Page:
Cheif, I have battled those pesky brightness issues with my Note Pro tablet and also had to default to a manual control. Had a flickering issue too, but that was attributed to a failing non-removable battery which I have subsequently removed and replaced a couple times ;-)

    I gotta say, after using this tablet for several years, including the Pen and IR blaster regularly (sports bars hate me), I very much prefer it over any laptop I have. Including watching movies!

  7. E.M.Smith says:

    @Ossqss:

    I’ve got the ROKU remote app on my tablet. Hadn’t thought about the utility of doing that with other apps for controlling other TVs ;-) Thanks for the idea! (Number of times I’ve been in some fast food truck stop or sports bar and the TV is blasting crap with nobody watching is way too high… being able to change it to road weather and / or cut the sound in half would be great…)

    I like the tablet as a portable browser / TV set, but not much else. Editing pages (or anything really) is a royal PITA on the not-a-keyboard with the un-helpful auto-thingies. The MacBook Air is about the same physical size (one of the big features of both) with a great screen, but includes a real keyboard… Software is generally better than Android too. Privacy much better.

    Don’t know if it is worth the price uplift to buy one new, though…

    @Larry:

    Yeah, that’s a gripe I have too. How to get it turned off is a pain. Then when you DO need it, how to get it turned back on, then off again. Thus my tendency to just tolerate the little stuff a lot.

    One of our cars tries to be “helpful” by not starting unless I have all the levers just where it wants them to be AND my foot on the brakes. Really? How about rolling restarts on the highway? On more than one occasion I had to do a restart at speed in an old VW. It was relatively easy to drive with power steering out. Ditto my old Honda. Ditto my old Scout. Ditto… well, many cars eventually die on you and need restarts. This one is a bear with power steering out and I’m certain the spouse could not keep the car on the road in a corner without it. Yet to do a restart you must be in neutral or park and foot on the brakes. WHEN the day comes in that car that it is old enough for an engine die event it will become an uncontrolled and unrecoverable projectile. Just don’t be on a winding mountain road when that happens…

    I’ll be the driver of that car on any mountain roads…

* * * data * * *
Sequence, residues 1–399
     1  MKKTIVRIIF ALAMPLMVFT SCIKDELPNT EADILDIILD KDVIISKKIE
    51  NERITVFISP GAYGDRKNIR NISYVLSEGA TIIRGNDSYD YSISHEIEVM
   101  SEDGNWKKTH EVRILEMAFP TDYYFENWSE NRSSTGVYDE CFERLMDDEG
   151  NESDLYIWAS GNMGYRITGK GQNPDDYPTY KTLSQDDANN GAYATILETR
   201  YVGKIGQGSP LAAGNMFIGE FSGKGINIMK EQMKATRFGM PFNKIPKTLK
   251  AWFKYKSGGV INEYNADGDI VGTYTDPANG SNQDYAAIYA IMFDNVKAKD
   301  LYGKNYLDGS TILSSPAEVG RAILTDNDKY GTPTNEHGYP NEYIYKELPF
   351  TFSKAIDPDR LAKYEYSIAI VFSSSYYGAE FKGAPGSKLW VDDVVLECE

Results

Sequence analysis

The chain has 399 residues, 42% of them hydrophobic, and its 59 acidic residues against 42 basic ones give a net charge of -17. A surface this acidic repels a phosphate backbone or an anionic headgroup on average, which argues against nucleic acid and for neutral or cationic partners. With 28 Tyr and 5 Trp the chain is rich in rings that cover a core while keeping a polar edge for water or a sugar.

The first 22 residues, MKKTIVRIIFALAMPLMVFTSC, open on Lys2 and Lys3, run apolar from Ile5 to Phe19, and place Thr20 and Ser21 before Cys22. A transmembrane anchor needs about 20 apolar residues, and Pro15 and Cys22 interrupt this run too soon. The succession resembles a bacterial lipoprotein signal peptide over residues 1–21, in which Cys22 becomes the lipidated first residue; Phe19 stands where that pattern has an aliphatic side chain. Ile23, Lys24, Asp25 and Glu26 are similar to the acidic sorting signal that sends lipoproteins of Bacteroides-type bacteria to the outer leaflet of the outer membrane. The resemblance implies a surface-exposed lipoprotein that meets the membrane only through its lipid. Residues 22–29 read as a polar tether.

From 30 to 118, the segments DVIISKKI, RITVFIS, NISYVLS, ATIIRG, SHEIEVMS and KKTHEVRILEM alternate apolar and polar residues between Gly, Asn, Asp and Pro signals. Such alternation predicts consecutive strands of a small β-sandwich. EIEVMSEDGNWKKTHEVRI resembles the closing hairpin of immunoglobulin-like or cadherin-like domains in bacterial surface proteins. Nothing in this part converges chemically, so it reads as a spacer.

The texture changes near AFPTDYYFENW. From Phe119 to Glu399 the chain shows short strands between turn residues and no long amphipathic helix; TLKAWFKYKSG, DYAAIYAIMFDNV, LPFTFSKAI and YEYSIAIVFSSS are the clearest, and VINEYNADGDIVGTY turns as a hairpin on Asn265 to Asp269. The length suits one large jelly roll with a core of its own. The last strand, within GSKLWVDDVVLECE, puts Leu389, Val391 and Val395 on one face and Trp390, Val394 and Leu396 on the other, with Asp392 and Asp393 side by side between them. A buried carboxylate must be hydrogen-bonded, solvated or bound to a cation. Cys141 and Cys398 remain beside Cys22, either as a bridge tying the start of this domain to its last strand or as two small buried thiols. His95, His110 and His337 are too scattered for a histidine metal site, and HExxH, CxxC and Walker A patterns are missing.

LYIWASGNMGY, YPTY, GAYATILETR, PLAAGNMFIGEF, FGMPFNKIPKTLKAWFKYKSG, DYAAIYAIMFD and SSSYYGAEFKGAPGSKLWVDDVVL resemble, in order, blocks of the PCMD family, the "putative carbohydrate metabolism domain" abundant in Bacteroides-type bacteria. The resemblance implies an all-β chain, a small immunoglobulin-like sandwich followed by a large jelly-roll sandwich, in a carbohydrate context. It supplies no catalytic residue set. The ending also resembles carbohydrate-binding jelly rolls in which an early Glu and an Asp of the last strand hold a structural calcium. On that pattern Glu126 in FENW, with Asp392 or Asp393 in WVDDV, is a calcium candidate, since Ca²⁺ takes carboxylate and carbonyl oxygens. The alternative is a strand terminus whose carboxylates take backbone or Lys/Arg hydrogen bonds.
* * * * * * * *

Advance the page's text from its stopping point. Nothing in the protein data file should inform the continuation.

8. E.M.Smith says:

    @John F:

    I’d be interested in knowing the make of that car (as something to avoid…)

    @Simon:

    Yeah, forced to participate in video crap “against my will” along with pop-ups (despite pop-up blocker activated and add blocking) are enough for me to just bail on a web site.

    @Gary Turner:

    I’ve had words show up in text that I’m sure I didn’t type. Since I use many platforms, it isn’t always the case that I know all the “features” on them. Some of them ( I’m pretty sure ) are taking typos and turning them into other words, or taking partial words and (If I’ve accidentally hit some white space character like space or tab) turning them into some other word. Just a PITA all the time.

    I like the “underline in red misspellings”, but even then, I type enough jargon and tech stuff that I learn to ignore the red…

  9. ossqss says:

    Cheif, I use a BT keyboard case and mouse if needed and editing is a breeze with that tablet. It actually comes with an office suite product that works well. The pen is integrated and stored inside the tablet itself and the IR blaster is also integrated into the tablet hardware. I still use the Note 4 phone also which carries the same pen and infrared remote capabilities. There is no substitute for me yet due to swappable batteries, sd slots, and the pen which is a geat tool on the fly for notes. Pull it out of the phone or tablet and start writing. No typing involved. I just wish they would at least give us new mobile products we can just easily pop a back up battery in like my Note 4. I would buy it tomorrow. Till then, I am sticking with my old 2.7 GHz quad core phone.

    Cheers!